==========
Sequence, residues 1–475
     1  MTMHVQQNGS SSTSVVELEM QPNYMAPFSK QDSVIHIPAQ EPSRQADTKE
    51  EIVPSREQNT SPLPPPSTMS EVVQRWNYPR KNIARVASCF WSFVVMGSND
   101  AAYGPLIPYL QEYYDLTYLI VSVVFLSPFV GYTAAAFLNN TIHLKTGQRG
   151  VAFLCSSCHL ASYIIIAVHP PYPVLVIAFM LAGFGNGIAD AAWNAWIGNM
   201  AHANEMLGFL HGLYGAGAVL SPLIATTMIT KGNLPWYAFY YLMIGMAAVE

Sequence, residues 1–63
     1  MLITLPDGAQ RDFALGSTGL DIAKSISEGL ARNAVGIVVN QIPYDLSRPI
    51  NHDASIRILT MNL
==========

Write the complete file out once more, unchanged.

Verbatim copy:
Sequence, residues 1–475
     1  MTMHVQQNGS SSTSVVELEM QPNYMAPFSK QDSVIHIPAQ EPSRQADTKE
    51  EIVPSREQNT SPLPPPSTMS EVVQRWNYPR KNIARVASCF WSFVVMGSND
   101  AAYGPLIPYL QEYYDLTYLI VSVVFLSPFV GYTAAAFLNN TIHLKTGQRG
   151  VAFLCSSCHL ASYIIIAVHP PYPVLVIAFM LAGFGNGIAD AAWNAWIGNM
   201  AHANEMLGFL HGLYGAGAVL SPLIATTMIT KGNLPWYAFY YLMIGMAAVE

Sequence, residues 1–63
     1  MLITLPDGAQ RDFALGSTGL DIAKSISEGL ARNAVGIVVN QIPYDLSRPI
    51  NHDASIRILT MNL